A reflection on a country charting its own path through the xenophobia and cultural wars of our age. A moment of Peace and tranquility that is to be cherished.
Canada Day – July 1, 2016. Breakfast in our screen porch overlooking the 14,000 islands of Lake of the Woods. We enjoy every modern comfort but a deer, bear or wolf could join the eagles and loons in our environment at any moment.
There are six of us this morning. I scan the table and note the places of birth represent Siberia, Bangladesh, Paraguay and even Canada. Between us we carry or are eligible for 11 different passports from four continents.
Another recent breakfast featured 11 persons born in 7 countries on 4 continents. The facial features covered the palette of our global village. This is the Canada of today and I wonder whether this is the new normal.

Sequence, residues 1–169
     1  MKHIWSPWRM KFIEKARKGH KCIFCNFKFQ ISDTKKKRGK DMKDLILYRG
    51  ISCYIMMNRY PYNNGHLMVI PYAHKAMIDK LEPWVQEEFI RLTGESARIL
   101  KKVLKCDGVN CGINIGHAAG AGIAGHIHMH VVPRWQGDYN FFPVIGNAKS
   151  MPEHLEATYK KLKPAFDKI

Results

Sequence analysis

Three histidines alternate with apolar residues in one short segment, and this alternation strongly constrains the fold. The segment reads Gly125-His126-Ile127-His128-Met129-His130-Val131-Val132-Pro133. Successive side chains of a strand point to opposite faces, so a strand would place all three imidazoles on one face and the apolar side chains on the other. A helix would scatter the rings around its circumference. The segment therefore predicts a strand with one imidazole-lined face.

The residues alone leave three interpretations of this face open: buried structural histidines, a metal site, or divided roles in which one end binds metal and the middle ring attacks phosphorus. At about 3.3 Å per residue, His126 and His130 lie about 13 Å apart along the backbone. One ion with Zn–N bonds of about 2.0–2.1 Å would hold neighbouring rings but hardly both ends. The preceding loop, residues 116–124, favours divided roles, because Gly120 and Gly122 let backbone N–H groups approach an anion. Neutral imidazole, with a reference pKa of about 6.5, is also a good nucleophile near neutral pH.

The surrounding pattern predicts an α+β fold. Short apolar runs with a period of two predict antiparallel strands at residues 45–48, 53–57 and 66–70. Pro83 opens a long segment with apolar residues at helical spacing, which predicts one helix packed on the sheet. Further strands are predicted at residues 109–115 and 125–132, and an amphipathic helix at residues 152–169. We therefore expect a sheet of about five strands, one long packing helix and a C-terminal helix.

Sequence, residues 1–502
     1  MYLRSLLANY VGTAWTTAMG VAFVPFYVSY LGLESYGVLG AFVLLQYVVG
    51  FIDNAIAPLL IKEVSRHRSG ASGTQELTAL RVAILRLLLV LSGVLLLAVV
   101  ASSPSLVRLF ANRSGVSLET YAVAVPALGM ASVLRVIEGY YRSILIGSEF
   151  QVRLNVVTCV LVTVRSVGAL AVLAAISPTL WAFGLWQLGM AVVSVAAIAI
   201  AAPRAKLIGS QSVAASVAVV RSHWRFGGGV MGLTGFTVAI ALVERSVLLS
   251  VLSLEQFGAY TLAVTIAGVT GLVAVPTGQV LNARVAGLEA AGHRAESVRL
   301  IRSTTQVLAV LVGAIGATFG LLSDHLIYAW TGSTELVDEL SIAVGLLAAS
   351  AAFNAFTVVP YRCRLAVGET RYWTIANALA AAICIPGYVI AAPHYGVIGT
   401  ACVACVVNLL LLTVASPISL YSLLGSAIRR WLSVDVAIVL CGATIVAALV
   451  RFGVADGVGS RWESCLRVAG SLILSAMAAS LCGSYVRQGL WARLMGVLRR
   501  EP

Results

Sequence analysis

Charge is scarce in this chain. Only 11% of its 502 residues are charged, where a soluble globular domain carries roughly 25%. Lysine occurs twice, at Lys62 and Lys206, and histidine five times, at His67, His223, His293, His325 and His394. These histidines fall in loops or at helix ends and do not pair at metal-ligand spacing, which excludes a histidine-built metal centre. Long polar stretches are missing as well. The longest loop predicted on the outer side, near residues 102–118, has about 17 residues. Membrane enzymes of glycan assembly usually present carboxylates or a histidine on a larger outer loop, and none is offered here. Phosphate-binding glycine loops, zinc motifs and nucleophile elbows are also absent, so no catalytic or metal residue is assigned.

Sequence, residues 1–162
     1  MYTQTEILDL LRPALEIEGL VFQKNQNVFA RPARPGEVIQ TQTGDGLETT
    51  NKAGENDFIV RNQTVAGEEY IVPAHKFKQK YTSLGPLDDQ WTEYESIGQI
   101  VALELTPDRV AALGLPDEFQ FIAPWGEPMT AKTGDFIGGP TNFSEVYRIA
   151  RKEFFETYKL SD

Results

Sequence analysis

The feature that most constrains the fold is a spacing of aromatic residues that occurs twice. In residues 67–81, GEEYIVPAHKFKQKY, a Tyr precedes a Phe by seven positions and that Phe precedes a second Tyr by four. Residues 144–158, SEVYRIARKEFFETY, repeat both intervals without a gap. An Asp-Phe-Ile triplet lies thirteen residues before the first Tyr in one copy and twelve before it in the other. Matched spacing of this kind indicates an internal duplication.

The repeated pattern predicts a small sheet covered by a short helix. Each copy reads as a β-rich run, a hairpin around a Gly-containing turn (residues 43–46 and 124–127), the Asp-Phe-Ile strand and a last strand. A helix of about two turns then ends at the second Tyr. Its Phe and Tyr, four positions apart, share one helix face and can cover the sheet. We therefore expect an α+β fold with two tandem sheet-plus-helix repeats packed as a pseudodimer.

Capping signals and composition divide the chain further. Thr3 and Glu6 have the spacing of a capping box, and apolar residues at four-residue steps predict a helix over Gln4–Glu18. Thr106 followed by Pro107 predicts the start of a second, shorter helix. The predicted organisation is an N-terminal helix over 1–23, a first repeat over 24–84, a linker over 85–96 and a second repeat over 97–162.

I was reminded of the Creation story in Genesis and God reflecting after Day 6.
“God saw all that he had made and behold, it was very good.”
Canada and it’s lakes have many moods. The views are from the deck of our Lakehouse.
I had just returned from Ottawa which had featured visits by President Nieto of Mexico and President Obama.
Obama spoke eloquently of a generous society that created space for minorities, was accepting of differences of race and religion, was invitational to refugees, a society that could celebrate the differences in culture and sexual preferences, that cared for its people through health care and social programs …the only problem was that the oratorical flourishes were much more representative of Canada than the nation represented by Obama. How many Senators or members of Congress would stand up en masse and give a resounding applause to each of these topics – which they did in Parliament.
The world is struggling with what seems like a tsunami of generally unwelcome migrants – affecting global and national politics. It is noteworthy that the population of Canada is 19% foreign born compared to 13% in the UK and only 11% in the USA. Toronto is 50% foreign born! From the elevated level of hysteria one would think the proportions would be reversed.